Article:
Rules Of Summer Book Trailer Assignment

Magnus Chase and the Gods of Asgard: The Sword of Summer hits shelves in less than a month, and now we have a beautiful book trailer for the novel.

Debuting on Entertainment Weekly, we get a colorful book trailer for the first in a series about Norse mythology. And taking a leaf out of the book itself, which is set in the city, we hear a narrator with a thick Boston accent giving us a history lesson on the Norse people and their deities.

In case you missed it, the narrator says, “A thousand years ago, the world was small. But bold men journeyed far in the name of their gods to make it big. They came from the northern lands to put down roots. Roots were there for the legion, along with dwarves, fire giants, and wolves. They abandoned the land, but the roots grew to this here cradle of liberty. By the time he came around, the one they call Magnus, it resembled the modern world. Except, beneath it all, in every which way, it wasn’t that modern. And it wasn’t a ‘world,’ singular. There were actually nine of them. And let’s just say that these worlds, they didn’t get along too well.”

Playing with the bright and bold colors we saw on the cover, we see oceans, battleships, monsters, and Yggdrasil itself.

Sword of Summer will introduce us to Magnus Chase, a homeless teen in the city of Boston who soon discovers he’s the son of a Norse god. If that’s not crazy enough, he’ll be thrown into the middle of a war, complete with dwarves, trolls, giants, and all sorts of mythological monsters. It’s up to Magnus to prevent Ragnarok, but in doing so, he’ll have to face the fate of the world, as well as his own.

‘The Sword of Summer’ is due out on October 6.

Book trailers are a fairly recent phenomenon in the publishing industry. They originated less than ten years ago, based on the venerable institution of the movie trailer, but have only really taken off since the development of video sharing sites such as Youtube.

Book trailers are a form of advertising for a book. Initially, they were literally sales pitches. Produced by publishers, and sometimes authors themselves, they were tools to pique interest in the novel. Their popularity has exploded, and many have gone viral, becoming a vital part of many publishers’ marketing strategies.

Book trailers can vary tremendously in how they are produced. Some are fully scripted mini-movies, and others are simply uploaded PowerPoint presentations. The one thing they all share in common is a desire to introduce the book, and convert viewers of the trailer into readers of the book.

In the last few years, the use of book trailers in education has become widespread. There is now a substantial body of research showing that book trailers are a useful form of pre-visualisation, and can help engage reluctant readers in a text. Students creating their own book trailer can be a powerful learning experience, combining learning goals from reading, writing, technology and the arts to produce a real product that they can share with others.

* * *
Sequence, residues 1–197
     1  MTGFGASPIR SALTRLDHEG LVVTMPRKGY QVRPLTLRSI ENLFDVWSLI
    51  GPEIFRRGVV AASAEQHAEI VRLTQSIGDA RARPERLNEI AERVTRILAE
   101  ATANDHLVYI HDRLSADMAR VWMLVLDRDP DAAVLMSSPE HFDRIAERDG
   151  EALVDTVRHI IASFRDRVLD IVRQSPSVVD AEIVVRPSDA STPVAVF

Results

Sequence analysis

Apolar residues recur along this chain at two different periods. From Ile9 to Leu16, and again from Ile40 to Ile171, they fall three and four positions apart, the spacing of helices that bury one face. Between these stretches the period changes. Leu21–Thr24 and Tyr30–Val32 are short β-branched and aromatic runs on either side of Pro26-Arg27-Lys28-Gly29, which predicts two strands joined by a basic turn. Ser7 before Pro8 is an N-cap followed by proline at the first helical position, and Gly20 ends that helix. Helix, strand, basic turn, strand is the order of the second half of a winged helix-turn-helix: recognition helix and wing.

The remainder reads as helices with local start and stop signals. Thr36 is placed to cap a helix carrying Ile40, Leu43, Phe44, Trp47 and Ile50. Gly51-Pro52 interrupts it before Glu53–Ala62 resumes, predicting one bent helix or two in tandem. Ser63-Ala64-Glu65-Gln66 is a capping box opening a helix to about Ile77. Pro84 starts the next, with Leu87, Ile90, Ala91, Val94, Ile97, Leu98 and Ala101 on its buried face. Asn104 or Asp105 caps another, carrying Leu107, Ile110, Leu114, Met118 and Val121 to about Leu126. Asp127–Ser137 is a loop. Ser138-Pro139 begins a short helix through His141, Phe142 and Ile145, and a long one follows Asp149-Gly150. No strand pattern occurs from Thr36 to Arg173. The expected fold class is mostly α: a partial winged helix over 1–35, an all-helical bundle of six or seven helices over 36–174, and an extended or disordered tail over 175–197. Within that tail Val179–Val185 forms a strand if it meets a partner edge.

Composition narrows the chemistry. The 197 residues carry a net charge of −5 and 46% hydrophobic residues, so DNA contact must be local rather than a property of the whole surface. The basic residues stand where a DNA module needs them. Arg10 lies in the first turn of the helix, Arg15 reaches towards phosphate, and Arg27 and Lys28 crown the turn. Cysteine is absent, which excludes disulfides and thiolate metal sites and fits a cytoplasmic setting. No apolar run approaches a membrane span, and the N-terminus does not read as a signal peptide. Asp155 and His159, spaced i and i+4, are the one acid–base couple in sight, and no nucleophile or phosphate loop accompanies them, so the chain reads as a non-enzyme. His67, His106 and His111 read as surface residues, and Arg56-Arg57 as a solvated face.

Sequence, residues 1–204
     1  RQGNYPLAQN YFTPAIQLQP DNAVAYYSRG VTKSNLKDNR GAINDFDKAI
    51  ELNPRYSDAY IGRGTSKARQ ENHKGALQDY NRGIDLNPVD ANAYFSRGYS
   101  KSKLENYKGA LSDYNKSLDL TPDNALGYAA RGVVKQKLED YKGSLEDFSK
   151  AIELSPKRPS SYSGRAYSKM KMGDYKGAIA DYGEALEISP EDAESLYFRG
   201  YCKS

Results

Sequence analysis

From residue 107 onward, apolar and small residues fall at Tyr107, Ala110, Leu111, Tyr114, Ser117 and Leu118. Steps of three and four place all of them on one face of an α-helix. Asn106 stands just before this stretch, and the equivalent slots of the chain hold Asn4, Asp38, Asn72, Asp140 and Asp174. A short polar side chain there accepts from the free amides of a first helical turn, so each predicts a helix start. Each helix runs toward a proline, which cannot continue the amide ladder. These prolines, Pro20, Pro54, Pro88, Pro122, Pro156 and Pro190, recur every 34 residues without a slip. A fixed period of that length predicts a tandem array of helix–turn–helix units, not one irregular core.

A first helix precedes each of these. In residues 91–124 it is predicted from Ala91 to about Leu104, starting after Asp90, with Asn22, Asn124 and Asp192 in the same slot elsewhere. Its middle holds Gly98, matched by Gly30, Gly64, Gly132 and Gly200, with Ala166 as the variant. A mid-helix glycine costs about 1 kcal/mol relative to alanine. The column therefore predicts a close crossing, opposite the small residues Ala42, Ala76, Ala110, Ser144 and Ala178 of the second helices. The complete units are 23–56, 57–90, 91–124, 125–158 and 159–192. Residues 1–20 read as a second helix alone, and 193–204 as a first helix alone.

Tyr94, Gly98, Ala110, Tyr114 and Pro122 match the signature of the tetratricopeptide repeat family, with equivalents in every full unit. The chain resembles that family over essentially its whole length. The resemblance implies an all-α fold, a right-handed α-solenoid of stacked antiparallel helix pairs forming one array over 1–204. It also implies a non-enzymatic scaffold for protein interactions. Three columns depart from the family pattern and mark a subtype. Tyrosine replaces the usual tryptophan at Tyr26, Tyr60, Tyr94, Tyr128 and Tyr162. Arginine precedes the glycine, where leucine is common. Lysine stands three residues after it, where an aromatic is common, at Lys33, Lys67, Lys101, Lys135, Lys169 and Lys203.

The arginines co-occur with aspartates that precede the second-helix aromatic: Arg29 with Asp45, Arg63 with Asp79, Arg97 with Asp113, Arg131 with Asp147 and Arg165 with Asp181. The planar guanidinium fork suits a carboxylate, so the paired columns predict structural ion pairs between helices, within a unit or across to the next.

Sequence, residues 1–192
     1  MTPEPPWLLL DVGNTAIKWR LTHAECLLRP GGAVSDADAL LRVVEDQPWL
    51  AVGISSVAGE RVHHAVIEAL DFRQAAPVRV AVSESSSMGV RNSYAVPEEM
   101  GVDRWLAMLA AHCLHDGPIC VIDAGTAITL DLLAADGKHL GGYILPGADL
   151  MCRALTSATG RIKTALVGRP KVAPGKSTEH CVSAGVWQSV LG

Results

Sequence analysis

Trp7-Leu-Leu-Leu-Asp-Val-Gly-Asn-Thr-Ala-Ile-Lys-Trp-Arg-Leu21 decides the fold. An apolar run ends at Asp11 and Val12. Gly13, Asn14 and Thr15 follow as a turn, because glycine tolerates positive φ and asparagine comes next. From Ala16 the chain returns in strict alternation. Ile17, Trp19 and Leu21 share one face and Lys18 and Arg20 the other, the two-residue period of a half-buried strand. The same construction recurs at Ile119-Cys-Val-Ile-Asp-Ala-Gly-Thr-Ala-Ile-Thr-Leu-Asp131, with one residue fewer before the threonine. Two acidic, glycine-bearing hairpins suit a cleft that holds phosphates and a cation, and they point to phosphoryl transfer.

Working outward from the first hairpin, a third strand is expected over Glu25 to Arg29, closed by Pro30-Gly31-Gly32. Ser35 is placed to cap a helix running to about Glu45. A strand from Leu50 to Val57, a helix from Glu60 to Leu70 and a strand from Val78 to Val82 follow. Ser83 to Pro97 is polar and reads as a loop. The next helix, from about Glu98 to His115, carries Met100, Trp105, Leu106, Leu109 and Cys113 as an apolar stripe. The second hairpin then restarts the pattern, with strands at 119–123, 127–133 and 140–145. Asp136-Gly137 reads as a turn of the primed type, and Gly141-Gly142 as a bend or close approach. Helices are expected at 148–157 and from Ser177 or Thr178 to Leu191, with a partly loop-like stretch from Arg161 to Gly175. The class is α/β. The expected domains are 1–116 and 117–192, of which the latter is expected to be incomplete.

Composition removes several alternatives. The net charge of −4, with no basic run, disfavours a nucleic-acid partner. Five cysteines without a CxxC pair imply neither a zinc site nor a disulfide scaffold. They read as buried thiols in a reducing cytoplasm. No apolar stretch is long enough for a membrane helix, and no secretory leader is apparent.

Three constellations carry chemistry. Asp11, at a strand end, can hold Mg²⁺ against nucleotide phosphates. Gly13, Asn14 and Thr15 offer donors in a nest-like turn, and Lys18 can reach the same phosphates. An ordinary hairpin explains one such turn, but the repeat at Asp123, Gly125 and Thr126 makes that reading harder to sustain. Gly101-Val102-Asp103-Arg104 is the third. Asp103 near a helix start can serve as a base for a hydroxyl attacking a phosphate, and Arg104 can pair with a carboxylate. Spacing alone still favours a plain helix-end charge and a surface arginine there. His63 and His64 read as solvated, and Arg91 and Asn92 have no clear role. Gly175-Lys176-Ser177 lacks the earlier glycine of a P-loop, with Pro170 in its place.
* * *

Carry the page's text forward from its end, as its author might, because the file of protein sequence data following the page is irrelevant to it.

Where to find book trailers

YA Book Trailers is a collection of book trailers compiled by The Children's Book Council (US).

Comic Book Trailers does what it says – trailers for comics.


How-to guides

As mentioned above, there are many ways to produce a book trailer. These sites will provide assistance and examples on how to create book trailers with a range of software types.

These first sites offer guidance on producing a book trailer using two pieces of software almost universally available in schools: PowerPoint and Movie Maker.

Free Course - How to Make a Book Trailer (using PowerPoint)

Creating Book Trailers in Photo Story 3


These sites offer more general and wide ranging advice, moving on to other software types and techniques:

The Book Trailer Manual

Squidoo – Book Trailers

For more guides on video editing, see our Video page.

Examples – professional

These examples are a small selection of professionally produced book trailers. There are many thousands more a simple web-search away.


Graveyard Book

The Alchemist

Clockwork Angel

Sense and Sensibility and Sea Monsters

It’s a Book!



Examples – student

These book trailers were made by students either in class, or sometimes out of their own interest and passion for the books.

A student trailer for The Hunger Games:

An animated trailer for John Green’s Looking for Alaska:

This trailer for Bear and Chook by the Sea by a grade 5 student won him an award from the Children’s Book Council:


Lesson ideas

Make your own trailer
Students make a book trailer for a novel they have read. Use of technology will of course depend on access available at your school, but could include anything from a straightforward PowerPoint hosted online, to full-cast mini-dramas, with original soundtracks and special effects. If making the trailer itself is not possible, then it can be storyboarded.

Critiquing book trailers
Students view and critique book trailers. Were they professionally made, or amateur made? What format did they use? Did they entice you to read the book? What worked well and what did not work well? Are the most expensive trailers necessarily the most effective? Do book trailers add to the experience of a book?

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